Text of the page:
Wednesday, March 29, 2023

Rishi Sunak to announce ‘fundamental’ changes to N Ireland trade rules

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Rishi Sunak will on Monday claim he has negotiated “fundamental” changes to the post-Brexit trading regime in Northern Ireland, as he seeks to finally end a bitter row with Brussels on the issue.

The UK prime minister and Ursula von der Leyen, the European Commission president, are expected to seal the deal to reform the so-called Northern Ireland protocol at Windsor on Monday, the culmination of months of diplomacy.

Sunak will then begin the daunting task of selling the reforms to pro-Brexit Tory MPs and to Northern Ireland’s Democratic Unionist party, with a statement to parliament scheduled for Monday afternoon.

He has already begun selling the deal, with British officials claiming Sunak has secured “fundamental” reforms to the protocol, part of Boris Johnson’s 2019 Brexit deal.

They say the agreement will fix concerns over trade friction on goods travelling between Great Britain and Northern Ireland and what local politicians have called a “democratic deficit”, giving them a say over new EU rules in the region.

Two people with knowledge of the deal have said that the revised settlement, which runs to more than 100 pages, is an “implementation agreement” that sits above the existing text of the protocol.

Brussels will have to make some changes to existing EU law — as it did last year to resolve an issue over access to generic medicines for Northern Ireland — in order to give effect to the changes.

“It’s a fix that will allow the EU to say ‘we haven’t reopened the text of the deal’, but the UK can say ‘we’ve won material legal changes to the package’,” one insider said.

Among the expected changes is a derogation on pet passports that will enable UK residents to take their dogs to Northern Ireland without microchips and pet passports as if they were travelling to the EU, as currently required.

The EU is also expected to soften its stance in other areas of contention that make Northern Ireland residents feel their place in the UK’s internal market is being constrained — for example, around receiving parcels from Great Britain by post.

Another area that officials are confident will be resolved is a spat over steel quotas that led to HM Revenue & Customs warning UK producers last August that some steel products would be required to pay 25 per cent tariffs when shipped to Northern Ireland.

The UK decision to provide full data transparency to the EU, alongside building border control posts at Northern Irish ports, is expected to unlock a radical simplification of the processes needed for Great Britain traders to send products to Northern Ireland.

It is anticipated that those who register products via a trusted trader scheme and label products for consumption “NI-Only” will not be required to present full customs and animal-health certification at the border, although full details of the scheme have yet to emerge.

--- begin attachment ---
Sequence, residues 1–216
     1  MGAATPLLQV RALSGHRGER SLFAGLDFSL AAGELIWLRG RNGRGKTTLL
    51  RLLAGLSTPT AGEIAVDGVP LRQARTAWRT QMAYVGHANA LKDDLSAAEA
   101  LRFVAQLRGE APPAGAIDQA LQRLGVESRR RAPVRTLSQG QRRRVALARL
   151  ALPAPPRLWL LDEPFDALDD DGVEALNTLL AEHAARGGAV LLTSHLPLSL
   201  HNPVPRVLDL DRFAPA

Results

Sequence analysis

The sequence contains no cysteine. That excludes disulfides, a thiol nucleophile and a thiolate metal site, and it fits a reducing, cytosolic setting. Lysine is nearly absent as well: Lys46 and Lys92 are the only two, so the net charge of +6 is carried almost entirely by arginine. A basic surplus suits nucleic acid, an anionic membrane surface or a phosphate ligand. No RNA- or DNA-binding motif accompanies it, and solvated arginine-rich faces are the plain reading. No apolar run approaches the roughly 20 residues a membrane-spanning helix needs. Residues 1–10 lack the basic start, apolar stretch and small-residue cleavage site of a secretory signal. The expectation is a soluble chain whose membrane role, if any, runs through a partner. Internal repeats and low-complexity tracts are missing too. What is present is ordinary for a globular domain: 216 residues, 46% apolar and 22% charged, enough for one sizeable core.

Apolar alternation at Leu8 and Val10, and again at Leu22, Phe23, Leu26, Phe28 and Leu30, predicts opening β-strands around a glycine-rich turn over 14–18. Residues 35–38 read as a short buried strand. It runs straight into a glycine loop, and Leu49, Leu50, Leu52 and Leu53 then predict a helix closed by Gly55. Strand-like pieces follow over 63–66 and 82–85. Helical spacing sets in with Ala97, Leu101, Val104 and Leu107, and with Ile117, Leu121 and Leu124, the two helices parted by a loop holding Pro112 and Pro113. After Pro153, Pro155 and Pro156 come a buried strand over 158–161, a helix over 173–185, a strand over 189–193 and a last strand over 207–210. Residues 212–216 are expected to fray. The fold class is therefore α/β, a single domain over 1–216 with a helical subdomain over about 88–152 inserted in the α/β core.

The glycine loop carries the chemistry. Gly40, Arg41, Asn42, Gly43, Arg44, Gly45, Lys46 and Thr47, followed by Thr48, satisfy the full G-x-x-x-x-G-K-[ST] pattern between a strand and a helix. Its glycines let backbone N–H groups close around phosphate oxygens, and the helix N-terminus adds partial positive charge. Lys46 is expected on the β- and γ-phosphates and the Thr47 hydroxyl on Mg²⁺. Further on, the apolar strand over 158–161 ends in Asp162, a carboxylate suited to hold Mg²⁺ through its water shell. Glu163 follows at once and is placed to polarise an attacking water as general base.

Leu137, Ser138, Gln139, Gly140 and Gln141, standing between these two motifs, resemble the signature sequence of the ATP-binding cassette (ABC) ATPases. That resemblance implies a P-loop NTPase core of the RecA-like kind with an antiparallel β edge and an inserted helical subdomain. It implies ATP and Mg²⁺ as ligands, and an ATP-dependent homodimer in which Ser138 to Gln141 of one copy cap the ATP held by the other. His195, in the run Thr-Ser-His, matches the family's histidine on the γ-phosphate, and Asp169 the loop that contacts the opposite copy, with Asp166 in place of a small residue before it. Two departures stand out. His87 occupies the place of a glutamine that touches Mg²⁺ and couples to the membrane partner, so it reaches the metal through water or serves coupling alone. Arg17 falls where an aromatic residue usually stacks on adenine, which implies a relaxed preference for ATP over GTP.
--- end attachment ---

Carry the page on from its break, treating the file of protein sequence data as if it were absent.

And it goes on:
Taken together, the UK will say, the package represents a significant improvement in the functioning of the trade border that Johnson agreed in the Irish Sea as part of the original Northern Ireland protocol deal in 2019.

More problematic for Sunak may be convincing the DUP and hardline Brexiters in his own party that the deal addresses the constitutional issues thrown up by the protocol.

Officials conceded that the agreement would not remove EU law or European Court of Justice jurisdiction from Northern Ireland, which remains part of the single market for goods, as demanded by Brexit hardliners.

Insiders on both sides indicated that Brussels had not moved substantially on the role of the ECJ in enforcing the protocol, although the UK is expected to argue that the amount of EU law being enforced will effectively have been reduced.

Nor will the deal meet the DUP’s recent demand for a dual regulatory regime in the region, with producers able to choose to apply UK standards, rather than EU rules, for exports into the British market.

The protocol also requires the UK to refer subsidy or “state aid” decisions that might impact the Northern Ireland goods trade market to Brussels. The insiders indicated this would remain, but that only the largest decisions required referral.

The deal is also expected to include a system to significantly improve the level of consultation with the Northern Ireland assembly about new EU rules and regulations applying in the region in order to address concerns over a “democratic deficit” caused by the protocol.

However, the consultative mechanism, which is expected to be similar to the one enjoyed by Norway as part of its deal to implement EU single market legislation, will not amount to a veto.

Sunak hopes the deal will eventually persuade the DUP to rejoin the Stormont power-sharing executive, which it is boycotting in protest at the operation of the protocol.

But the prime minister is also targeting a much bigger prize of improved relations with the EU, including on scientific collaboration, and warmer ties with US president Joe Biden, who has expressed concerns about the stand-off over the Northern Ireland issue.



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